The sword and the spear

It was yesterday evening, during a blade class, that a student asked me a very deep question. I enjoy these very much as they free me from what I am doing into something new, weather in thought, movement or both.

The questions was, “Is this movement for attack or defense?” and here is my answer.

Attack and defense are mental distinctions. A movement, a pose and a word can be either or both or even none. The level of movement our bodies ad minds can achieve is restricted by our emotional awareness.

The blade moves forward in a seemingly obvious attack but then spirals into a dynamic shield and causes the opposing attack to dissipate. A stick is swung at your your head and you step forward to intercept the wielding arm in a combined attack and defense. An angry teenager spits at your direction in a dirty underground railway and start moving your way, you smile at them and tell them you too have some nasty infection and they scurry away.

Attack and defense and what lies in between are all emotional stamps we place on our actions and choices. Each movement can serve both and none and it is our privilege to go inside and remove those emotional and mental blocks from our head so we are free to maneuver and operate instead of react and plow onward.

FIGHT TALK

Movies paint a picture of virtue and might. Of good and evil and of discernible visuals.

Life is about energy preservation and the attacker being smarter than most movie villains seeks the most vulnerable position for the pray before attacking.

After all, statistics are here for a reason and adding percentages to not getting caught or killed seems to make sense.

Do the work to awaken the awareness in every move you make and every breath you take

  1. Talk with a friend as you walk down the street and jab each other as you speak with paper clips or thin branches of wood and try to break them on the other persons body. A successful broken or bend paper clip or branch is a marker for a stab or slash and being able to engage both hemispheres and different regions of the brain will aid in making you more able to handle what is coming any which way.
  2. Take a few coins or small notes of money and go outside. Take care in your movement and find people in need to slip them the money without them noticing. Take greater care not to be seen by others as you do this as they may think of you as a thief of worse. This is a great drill in learning stealth in two ways. The one is not showing your intent on the approach and the second is in not changing your rhythm as you hide your act of kindness. Be safe as you do this as being in need does not assure us the receiver will not take offense of be a bad person.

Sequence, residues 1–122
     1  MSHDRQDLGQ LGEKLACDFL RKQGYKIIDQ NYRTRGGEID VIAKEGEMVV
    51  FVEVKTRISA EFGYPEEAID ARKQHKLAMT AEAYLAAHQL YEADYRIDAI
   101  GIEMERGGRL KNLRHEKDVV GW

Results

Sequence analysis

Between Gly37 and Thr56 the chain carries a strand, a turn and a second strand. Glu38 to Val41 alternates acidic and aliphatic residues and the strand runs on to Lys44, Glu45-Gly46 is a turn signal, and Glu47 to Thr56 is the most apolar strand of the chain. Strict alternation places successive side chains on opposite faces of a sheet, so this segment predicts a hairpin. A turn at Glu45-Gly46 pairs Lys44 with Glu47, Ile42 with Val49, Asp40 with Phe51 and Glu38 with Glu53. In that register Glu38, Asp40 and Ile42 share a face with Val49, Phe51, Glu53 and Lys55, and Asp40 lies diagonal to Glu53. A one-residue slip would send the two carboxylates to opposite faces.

3. Circle your partner as you keep a practice knife hidden on your person. Have them escape the location if they sense the draw of the knife and do fifty pushups if they mistake the movement for a draw (it is a win win situation in the long run) switch places every three attempts or guesses.
  4. Close your eyes and have a friend place one hand on you. Let them move you around gently and to move their hands on you freely. Note your breathing and equilibrium and they in turn will stab you or slash at you with a training knife when they feel you are turning rigid or dogmatic in motion. This will teach you to move within the lead of a contact or a crowd and save you from trying to have words with Ms Destiny. Go with it but do it your way.

Getting real

Getting real

  1. What makes a drill a reality drill and how we can improve on what we get from our training.
  2. How to breath in daily life to become better aware and conscious of our direction and freedom.
  3. Perspective – a comparison of what really matters in life with a lesson from Kibera Kenya.

Be safe but not too safe.

Sharon Friedman

Games are the best teachers

Fun games to strengthen and bring more movement awareness to kids and adults with heart

1.       The broken cement truck – one person starts transitioning between being on all four limbs facing the ground and facing the skies as one or more use their feet and legs to try to keep him in one of those states.

2.       Ground glue – one person brings themselves as close to the ground as possible with all their parts and one or more use their hands to peel them off as they move to maintain contact with the ground.

3.       Wave surfing – One moves to pass through a line of people holding hands together as they move to bring him back from whence he came.

4. Medusa – one group or person is moving toward the watcher/medusa. Whenever the watcher hears something, they turn swiftly and if they catch the movement, they get to change places.


|What are we not hearing?

Much of the intuition and sixth sense comes from seeing and hearing and smelling things that we only somewhat acknowledge.

It is not that we are asleep, it is we are conditioned to handle one thing at a time and thus we lower our high brain functions.

We can easily negate this practice by working two at a time stimulus drills and the reward is exponentially greater than just a martial practice.